Army of the Dead: Zack Snyder’s Homage to Zombie Comics Ranks 1st in Egypt Today

After HBO Max released Zack Snyder’s director’s cut of Justice League, which received so much positive feedback from both critics and the nerds, it proved that he has an outstanding vision for comics cinema. Snyder came out with Netflix’s newest hit “Army of the Dead,” which ranks 1st in Netflix’s top 10 list in the Middle East at the moment.

Army of the Dead: a homage to all zombie comic plots, and so much more


The movie opens with a clever scene involving a military transport colliding with a pair of newlyweds “celebrating” their marriage while driving down a Nevada highway. A bit of dialogue reveals that the convoy has recently come from Area 51, and that their undefined payload is so dangerous, that their military-grade weapons won’t make much of an impact. This dialogue is quite smart, as the two soldiers give guesses as to what they’re moving. Is it a piece of Raa’s mace? Emilia Heart, but ALIVE? Are they moving the holy grail? What, should they not be moving “an alien?” Here, the other soldier starts to express his admiration for his friend’s guess involving an extraterrestrial theme. This short dialogue is a whisper to the nerds out there, because this movie is definitely for you.

When the large container holding the deadly passenger is damaged, it opens, and the soldiers who survived the accident quickly turn into the undead, before climbing a hill to set their sights on the city of sin, Las Vegas.

Survival stories and PTSD in Army of the Dead

Over a cover version (of course) of “Viva Las Vegas,” the movie quickly sums up the story of the zombie infestation in a shimmering extravaganza. The topless zombie showgirls attacking a middle-aged man on the floor of a casino represents “the sin of lust,” and the officer represents “the sin of pride,” while the seven deadly sins continue on in sin city.

The city is infested, and the government fights to get out as many survivors as it can before the entire city is walled off. The tragedies of loss and trauma fly one by one in a very clever montage, focusing on the heroic survival of our main players, and delivering a whole genre of zombie comics.

Then comes a heist in the middle of zombie-infested Las Vegas

Under the instructions of Mr. Tanaka (a wealthy man with very questionable activities), a team of badass men and women gather up to go into the zombie-infested city, to try and loot 200 million dollars from a casino.

The team consists of a helicopter guy (butch sassy woman), a lock opener (basic nerd), two badass strong men, and one woman (they are literally just badass zombie killers).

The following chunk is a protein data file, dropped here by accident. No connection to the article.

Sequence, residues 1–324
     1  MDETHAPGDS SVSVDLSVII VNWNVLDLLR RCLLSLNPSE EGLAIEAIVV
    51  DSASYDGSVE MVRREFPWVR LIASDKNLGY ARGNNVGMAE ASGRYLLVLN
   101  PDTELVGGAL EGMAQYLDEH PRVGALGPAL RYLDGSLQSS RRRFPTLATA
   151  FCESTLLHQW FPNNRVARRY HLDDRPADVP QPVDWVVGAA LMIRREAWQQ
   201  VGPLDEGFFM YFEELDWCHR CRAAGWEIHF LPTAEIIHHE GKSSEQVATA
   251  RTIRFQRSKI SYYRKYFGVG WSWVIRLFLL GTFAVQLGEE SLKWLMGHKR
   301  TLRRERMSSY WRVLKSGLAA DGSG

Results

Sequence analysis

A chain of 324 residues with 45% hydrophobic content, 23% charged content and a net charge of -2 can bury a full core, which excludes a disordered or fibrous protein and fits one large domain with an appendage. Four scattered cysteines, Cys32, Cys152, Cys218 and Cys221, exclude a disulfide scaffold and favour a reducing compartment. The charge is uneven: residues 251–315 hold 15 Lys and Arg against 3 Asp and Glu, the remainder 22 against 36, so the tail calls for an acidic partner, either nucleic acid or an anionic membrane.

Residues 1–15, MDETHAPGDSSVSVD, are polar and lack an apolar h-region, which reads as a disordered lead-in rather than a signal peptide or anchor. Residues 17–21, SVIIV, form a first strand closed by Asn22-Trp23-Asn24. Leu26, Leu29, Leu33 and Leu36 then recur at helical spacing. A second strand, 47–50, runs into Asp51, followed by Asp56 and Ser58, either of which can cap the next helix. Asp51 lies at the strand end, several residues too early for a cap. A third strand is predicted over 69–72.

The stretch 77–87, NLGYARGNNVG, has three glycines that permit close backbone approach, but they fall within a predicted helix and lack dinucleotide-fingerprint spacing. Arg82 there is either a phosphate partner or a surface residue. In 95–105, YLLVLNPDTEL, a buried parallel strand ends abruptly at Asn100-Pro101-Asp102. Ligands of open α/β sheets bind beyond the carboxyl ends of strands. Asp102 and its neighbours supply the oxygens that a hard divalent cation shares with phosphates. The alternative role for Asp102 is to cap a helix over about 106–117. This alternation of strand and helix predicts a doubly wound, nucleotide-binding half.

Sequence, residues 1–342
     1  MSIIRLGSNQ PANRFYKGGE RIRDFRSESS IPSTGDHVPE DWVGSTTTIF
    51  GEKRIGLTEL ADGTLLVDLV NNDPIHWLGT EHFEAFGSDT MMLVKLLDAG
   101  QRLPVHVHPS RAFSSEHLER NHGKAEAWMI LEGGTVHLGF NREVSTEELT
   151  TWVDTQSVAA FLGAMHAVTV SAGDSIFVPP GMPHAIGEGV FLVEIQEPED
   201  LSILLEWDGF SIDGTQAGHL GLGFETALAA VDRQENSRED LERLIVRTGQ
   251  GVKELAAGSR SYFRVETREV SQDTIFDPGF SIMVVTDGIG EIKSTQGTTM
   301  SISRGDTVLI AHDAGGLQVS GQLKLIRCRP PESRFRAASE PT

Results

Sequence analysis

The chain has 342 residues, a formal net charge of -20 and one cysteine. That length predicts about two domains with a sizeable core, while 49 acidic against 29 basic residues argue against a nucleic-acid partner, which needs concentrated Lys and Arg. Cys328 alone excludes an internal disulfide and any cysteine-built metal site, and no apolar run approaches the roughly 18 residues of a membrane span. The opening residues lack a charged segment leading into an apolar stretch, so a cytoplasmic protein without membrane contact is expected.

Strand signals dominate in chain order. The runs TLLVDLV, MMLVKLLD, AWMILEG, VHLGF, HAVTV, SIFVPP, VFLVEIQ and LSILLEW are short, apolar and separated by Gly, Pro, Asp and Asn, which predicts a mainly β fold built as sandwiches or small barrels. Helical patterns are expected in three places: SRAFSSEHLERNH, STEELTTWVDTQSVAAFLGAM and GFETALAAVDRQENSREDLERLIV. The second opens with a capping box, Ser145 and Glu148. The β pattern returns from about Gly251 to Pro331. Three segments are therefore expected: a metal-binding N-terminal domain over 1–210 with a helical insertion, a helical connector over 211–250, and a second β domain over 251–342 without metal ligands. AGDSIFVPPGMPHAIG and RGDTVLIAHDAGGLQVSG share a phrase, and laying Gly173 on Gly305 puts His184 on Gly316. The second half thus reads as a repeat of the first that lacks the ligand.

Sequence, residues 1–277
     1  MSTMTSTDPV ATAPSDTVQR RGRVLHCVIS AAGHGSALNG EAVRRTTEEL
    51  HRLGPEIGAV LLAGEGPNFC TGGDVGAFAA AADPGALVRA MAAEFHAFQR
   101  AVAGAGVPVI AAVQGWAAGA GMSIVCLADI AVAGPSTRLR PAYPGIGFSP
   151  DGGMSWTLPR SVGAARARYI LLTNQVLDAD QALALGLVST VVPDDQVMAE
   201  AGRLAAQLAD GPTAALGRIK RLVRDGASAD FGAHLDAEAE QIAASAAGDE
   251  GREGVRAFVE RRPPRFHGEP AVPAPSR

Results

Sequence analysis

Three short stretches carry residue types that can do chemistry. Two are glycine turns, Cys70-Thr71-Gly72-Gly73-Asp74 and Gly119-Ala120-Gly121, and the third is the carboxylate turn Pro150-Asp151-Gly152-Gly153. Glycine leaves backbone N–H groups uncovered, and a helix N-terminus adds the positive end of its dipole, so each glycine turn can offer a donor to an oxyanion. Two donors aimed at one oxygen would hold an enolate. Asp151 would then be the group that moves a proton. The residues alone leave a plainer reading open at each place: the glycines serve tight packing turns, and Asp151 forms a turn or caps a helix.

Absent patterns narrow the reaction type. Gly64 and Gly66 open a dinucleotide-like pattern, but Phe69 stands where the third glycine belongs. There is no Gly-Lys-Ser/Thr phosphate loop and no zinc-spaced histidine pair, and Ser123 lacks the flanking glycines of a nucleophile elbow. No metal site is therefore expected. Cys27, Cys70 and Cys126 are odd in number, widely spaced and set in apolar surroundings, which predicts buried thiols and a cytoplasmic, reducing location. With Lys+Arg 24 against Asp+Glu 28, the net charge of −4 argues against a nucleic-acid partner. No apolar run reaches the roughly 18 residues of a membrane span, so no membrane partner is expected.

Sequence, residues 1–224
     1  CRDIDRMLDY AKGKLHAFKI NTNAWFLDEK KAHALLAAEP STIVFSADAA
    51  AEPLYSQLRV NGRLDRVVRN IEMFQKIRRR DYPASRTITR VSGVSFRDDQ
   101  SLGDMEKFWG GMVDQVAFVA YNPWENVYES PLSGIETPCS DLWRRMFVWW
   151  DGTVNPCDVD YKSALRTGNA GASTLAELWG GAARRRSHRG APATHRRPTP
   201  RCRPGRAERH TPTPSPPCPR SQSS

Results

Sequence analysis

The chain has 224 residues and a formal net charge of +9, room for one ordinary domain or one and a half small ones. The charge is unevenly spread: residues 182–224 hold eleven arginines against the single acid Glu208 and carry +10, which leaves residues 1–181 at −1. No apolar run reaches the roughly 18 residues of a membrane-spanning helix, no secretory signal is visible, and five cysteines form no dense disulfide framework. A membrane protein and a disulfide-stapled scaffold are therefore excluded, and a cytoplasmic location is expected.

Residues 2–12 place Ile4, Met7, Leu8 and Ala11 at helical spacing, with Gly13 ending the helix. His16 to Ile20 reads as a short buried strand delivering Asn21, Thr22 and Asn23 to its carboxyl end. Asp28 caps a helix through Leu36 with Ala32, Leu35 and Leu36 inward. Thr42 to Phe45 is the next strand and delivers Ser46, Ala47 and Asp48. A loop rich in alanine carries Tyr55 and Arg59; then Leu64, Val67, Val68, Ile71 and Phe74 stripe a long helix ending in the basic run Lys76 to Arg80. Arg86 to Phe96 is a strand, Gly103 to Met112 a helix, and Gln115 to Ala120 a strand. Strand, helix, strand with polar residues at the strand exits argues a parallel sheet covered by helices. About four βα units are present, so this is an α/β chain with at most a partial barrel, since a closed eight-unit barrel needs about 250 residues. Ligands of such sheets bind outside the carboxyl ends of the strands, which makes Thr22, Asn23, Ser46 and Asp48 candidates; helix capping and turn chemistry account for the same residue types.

The characters aren’t shallow, but aren’t really strong either. Scott Ward, for example, is nothing more than a father, a soldier, and a really big man. You can see that Snyder didn’t put much effort in building up the characters because to him, they serve a specific purpose only, which is to create a continuous homage to zombie comics. As a result, the characters came off as very comical, and somehow unrealistic.

The politics were flavors and not a real factor in Army of the Dead

You can see how the whole zombie disaster was blamed on the military’s mistake. The survivors from Vegas who couldn’t leave after the infestation, were locked in humanitarian camps that don’t follow the American authorities, and are now under the barbaric control and abuse by the peacekeeping forces that have taken over the camps. The movie refers lightly to the inhumane violations, but does not take it further than a mere flavor. And of course, one of the abusive soldiers was willingly sacrificed to the zombie king, in order to grant our main players access to Las Vegas.

The fast, intelligent, and tactic zombie genre


The movie portrays the modern concept of fast zombies, which Snyder previously used in his zombie master Dawn of the Dead. But, in this movie, he gave zombies a form of tactic intelligence, as well as a king, queen, and alphas (strong and fast zombies which descend from a direct bite of the king).

The coyote (because any heist needs a coyote), says that the city is your prison, but it’s their kingdom. From there, you can understand how Snyder made the zombie community as savage and barbaric monsters, but still have basic social attachment that forms a community.

They obey their king and sympathize with each other, whilst sharing a mutual goal to act upon. I’m not sure if this is an old comical product or it’s Snyder’s brand new idea, but it was amazing.

We don’t know where the zombie king came from, but wherever the military brought him from, he didn’t ask for it. And, when he infested Las Vegas with his plague, he was only following his animalistic instinct. Once the players gave the zombie queen her sacrifice (the abusive officer), they were granted safety, which was taken away from them once Tanaka’s security man cut the queen’s head off. He declared that Mrs. Tanaka doesn’t care about the money, and that he was sent to cut off this head, take it back to the black market, and learn how to potentially make an army of the dead.

This betrayal is what lead to the final rage of zombies that killed all the characters (it’s not really a spoiler, all the characters die at the end of zombie movies).

This plot came out as a reflection of the not-so-far crimes of the white man against the less “civilized” nations, be it in Africa or the Americas. 

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